It takes a robust sense of self to approach any Oxbow record, such are the destabilising existential incisions that frontman Eugene S Robinson frequently makes with that scalpel-sharp tongue of his. Part of the skewed joy of following the San Francisco quartet’s slow evolution over the last 28 years has been in the challenge presented by the untamed complexity of what they do. An art rock band in word and deed, they have channelled vicious honesty and musical fearlessness into records that sound wholly without sonic precedent and yet devastatingly emotional and dense with interpretive possibilities. But even by their own eccentric standards, Thin Black Duke is extraordinary; by far the most accessible album of the band’s career, it’s also their most tricky to pin down and one of the most wilfully unsettling records in recent memory.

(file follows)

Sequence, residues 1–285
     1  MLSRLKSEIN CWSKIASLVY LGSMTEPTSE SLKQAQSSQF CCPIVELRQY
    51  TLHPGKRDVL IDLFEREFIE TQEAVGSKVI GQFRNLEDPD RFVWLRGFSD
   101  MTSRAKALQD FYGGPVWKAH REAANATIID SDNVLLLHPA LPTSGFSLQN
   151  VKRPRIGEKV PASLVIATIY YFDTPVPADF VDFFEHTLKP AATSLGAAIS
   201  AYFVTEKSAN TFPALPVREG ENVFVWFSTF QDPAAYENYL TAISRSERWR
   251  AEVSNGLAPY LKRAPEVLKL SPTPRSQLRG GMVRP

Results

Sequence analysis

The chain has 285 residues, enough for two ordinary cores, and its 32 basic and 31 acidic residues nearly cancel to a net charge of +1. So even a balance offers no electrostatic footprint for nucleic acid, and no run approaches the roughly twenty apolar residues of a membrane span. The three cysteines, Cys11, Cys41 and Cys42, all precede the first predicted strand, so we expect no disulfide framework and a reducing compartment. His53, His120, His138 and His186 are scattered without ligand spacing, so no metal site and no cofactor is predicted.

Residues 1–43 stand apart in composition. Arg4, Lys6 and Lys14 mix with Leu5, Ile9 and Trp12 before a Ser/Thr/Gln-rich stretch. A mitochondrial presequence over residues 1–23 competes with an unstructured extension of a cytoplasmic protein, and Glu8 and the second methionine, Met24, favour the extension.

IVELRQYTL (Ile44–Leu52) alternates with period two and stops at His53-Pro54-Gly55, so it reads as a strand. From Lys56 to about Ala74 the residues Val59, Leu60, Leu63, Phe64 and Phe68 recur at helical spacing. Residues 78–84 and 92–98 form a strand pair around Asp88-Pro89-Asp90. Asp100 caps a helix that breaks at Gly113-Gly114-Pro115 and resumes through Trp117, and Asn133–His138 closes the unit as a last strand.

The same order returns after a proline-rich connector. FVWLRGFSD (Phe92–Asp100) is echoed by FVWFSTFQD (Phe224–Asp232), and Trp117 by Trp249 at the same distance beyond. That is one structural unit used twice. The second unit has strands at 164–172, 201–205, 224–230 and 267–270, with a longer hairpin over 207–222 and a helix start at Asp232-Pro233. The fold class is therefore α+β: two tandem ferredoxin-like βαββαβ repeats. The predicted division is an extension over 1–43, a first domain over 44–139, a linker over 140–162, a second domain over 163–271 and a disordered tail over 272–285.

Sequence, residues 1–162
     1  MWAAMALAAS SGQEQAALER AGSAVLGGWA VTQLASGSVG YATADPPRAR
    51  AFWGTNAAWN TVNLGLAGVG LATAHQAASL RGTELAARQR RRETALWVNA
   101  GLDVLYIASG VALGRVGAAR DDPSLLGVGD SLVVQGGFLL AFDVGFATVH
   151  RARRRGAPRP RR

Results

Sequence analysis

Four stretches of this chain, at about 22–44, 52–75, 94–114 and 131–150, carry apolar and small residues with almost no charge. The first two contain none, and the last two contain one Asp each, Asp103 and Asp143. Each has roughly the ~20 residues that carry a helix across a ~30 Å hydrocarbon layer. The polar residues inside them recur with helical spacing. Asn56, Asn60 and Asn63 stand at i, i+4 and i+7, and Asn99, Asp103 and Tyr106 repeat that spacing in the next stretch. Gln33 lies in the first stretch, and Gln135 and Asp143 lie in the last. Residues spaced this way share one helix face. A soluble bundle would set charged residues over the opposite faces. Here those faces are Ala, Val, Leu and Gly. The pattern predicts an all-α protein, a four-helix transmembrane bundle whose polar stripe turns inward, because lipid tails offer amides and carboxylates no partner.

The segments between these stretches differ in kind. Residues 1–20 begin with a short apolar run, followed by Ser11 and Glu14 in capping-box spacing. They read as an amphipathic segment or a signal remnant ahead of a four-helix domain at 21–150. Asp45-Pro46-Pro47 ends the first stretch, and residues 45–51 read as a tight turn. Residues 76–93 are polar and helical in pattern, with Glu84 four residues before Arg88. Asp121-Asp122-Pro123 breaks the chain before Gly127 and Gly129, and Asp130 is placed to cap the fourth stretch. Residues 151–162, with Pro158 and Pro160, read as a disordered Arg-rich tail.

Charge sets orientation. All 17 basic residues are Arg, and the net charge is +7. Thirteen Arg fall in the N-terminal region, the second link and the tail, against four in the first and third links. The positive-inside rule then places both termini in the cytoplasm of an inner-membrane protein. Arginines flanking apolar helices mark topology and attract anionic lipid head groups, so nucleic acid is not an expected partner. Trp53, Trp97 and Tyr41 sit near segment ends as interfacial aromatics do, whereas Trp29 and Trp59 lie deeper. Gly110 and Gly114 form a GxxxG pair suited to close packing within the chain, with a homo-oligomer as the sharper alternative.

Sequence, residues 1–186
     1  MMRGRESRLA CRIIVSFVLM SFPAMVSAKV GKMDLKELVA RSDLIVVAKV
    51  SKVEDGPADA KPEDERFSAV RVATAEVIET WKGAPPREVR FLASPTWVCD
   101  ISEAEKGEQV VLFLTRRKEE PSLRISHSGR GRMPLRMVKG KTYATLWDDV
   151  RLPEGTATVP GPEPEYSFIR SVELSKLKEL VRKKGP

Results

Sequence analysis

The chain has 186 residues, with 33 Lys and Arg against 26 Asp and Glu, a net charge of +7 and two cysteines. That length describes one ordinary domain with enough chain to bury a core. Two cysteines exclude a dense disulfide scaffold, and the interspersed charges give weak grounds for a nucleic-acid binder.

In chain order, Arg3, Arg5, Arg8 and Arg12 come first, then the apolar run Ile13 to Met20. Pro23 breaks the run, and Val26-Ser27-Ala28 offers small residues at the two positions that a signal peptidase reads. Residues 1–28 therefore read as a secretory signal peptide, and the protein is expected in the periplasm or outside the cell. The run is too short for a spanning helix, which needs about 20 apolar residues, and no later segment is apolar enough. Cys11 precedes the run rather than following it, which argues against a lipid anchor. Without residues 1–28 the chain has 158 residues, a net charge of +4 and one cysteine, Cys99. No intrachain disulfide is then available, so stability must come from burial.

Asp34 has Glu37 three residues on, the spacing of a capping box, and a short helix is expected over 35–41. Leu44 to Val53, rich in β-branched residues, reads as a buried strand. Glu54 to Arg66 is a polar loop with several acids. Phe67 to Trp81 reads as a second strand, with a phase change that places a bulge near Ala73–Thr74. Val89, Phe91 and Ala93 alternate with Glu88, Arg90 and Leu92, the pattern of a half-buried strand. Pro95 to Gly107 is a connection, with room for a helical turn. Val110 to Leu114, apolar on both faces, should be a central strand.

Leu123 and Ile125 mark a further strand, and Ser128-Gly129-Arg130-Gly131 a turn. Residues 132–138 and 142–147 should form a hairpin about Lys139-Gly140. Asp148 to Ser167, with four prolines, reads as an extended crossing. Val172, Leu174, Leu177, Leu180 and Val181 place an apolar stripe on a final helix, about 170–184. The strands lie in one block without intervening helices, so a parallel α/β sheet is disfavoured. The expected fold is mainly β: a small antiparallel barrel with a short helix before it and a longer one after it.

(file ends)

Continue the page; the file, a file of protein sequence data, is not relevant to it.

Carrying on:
Opener Cold And Well-Lit Place sets the scene for Robinson’s latest trawl through reality’s blackest shadows, veering from spidery, lopsided lo-fi rock to unnerving Beatles-esque crescendo stabs, his harangued diatribe taking him from horrified whisper to incensed howl. A woozy slab of bloated bar-room blues that slithers and grinds through oases of lush strings, Ecce Homo is almost recognisable as regular rock music, and yet Oxbow’s innate otherness is ever- present and wickedly disorientating. You might even posit that they’re exhibiting pop sensibilities here, but not in any sense that Ed Sheeran would recognise. A Gentleman’s Gentlemen ups the tempo and distortion, with Robinson ranting like a drunken uncle, bellowing ‘The Duke is deluxe and delightful!’ while sounding ready to rip someone’s head off. It’s exciting and terrifying in equal measure, and it’s that mixture of cathartic uplift and mortal disquiet that seems to propel the album toward its bewildering conclusion, past the soporific clangour of Letter Of Note and The Upper’s languorous voodoo blues to The Finished Line, a song so queasy and harrowing that you suspect even Eugene was momentarily lost for words by the end. Casual listeners should think twice before total immersion, but the potential rewards for letting these bastards into your head are immense.